On April 7, 1944, the Slovak inmates Alfred Wetzler and Rudolf Vrba managed to escape from Auschwitz, the Nazi regime’s largest concentration camp complex. Located in southern Poland, Auschwitz was made up of three main camps and 39 auxiliary camps in which tens of thousands of inmates were worked to death. More than one million people died in what was called Auschwitz II (Auschwitz-Birkenau), the camp’s official annihilation center.
Both Wetzler (who later took the name Josef Lanik) and Vrba (actually named Walter Rosenberg) spent approximately two years in Auschwitz. Wetzler had been transferred there from the camp at Sered in southern Slovakia on April 13, 1942, and Vrba had arrived at the end of June 1942, after being held for two weeks at the Majdanek concentration camp near Lublin in Poland. After their escape, Wetzler and Vrba made contact with representatives of the Jewish council in Zilina, Slovakia, and presented the following report, which includes a great deal of detailed information on the organization and functioning of Auschwitz.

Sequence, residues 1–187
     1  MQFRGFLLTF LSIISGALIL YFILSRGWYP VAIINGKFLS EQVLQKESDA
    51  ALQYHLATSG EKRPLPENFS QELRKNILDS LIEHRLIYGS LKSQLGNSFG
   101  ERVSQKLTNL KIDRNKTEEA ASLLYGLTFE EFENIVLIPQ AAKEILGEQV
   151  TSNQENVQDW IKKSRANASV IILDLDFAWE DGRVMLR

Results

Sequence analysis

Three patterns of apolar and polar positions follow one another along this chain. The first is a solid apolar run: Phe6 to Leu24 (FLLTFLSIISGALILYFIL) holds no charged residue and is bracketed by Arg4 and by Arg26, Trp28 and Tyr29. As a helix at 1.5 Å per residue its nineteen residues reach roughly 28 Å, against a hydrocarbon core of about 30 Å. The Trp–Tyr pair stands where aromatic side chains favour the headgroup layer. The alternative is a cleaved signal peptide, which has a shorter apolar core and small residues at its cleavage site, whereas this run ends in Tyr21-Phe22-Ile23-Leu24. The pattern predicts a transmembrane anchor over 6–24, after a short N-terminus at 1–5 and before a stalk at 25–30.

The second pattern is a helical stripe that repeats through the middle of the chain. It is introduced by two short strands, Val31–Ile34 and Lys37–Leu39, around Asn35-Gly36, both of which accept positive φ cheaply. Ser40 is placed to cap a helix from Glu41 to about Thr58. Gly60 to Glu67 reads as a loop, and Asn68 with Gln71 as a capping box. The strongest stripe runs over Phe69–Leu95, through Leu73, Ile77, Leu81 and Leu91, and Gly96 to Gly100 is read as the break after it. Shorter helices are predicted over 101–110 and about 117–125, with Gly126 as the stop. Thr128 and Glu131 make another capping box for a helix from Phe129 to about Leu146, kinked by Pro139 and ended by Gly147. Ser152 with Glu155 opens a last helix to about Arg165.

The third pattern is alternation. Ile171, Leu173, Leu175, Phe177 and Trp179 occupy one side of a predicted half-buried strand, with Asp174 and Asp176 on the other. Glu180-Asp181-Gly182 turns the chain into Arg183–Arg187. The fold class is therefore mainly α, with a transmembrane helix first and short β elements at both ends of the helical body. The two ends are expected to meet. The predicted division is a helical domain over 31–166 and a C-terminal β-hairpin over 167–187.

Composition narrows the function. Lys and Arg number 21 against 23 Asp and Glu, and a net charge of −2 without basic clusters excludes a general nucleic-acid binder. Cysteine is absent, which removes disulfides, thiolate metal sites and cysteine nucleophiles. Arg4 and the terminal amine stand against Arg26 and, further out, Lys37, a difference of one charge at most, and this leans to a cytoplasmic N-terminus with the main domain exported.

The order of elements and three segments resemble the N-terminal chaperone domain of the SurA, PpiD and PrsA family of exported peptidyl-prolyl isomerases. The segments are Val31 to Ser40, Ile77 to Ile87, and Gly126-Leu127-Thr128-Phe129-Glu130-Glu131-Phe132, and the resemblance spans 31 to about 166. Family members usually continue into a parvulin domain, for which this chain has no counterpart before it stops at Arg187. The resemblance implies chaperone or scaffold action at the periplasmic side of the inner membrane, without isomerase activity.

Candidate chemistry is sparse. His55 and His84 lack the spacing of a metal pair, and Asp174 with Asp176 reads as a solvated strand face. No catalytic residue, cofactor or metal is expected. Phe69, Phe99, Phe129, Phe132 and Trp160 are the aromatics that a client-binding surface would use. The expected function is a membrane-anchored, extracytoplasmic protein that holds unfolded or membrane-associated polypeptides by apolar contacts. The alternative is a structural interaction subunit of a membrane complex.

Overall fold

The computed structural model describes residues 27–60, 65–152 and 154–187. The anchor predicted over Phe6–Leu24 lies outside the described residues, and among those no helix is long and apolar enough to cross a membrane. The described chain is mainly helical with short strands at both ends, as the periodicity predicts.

Initially drafted in both Slovak and German, the report was translated into numerous languages so that the international community would know what was happening at Auschwitz. The report aimed, in particular, to warn Hungary’s Jews of the Nazi regime’s imminent plans to annihilate their community. The Hungarian Jews, however, gave little credence to the report, which initially did nothing to prevent the systematic deportation that began in mid-May 1944, two months after the start of the Nazi occupation. Within another two months, approximately 440,000 Jews had been forcibly removed from Hungary, with most having been sent to Auschwitz.
The publication of the report in the Swiss press, however, finally raised so much indignation abroad that, under political and military pressure from the Allies, the Hungarian Regent, Admiral Miklós Horthy, was forced to forbid further deportations in early July 1944. But after the October 15th putsch by the fascist Arrow Cross Party [Pfeilkreuzler], the persecution of Hungary’s Jews continued, with thousands losing their lives on death marches to Austrian work camps.
The Wetzler-Vrba Report was among the most important pieces of documentary evidence presented at the Nuremberg Trials of 1945.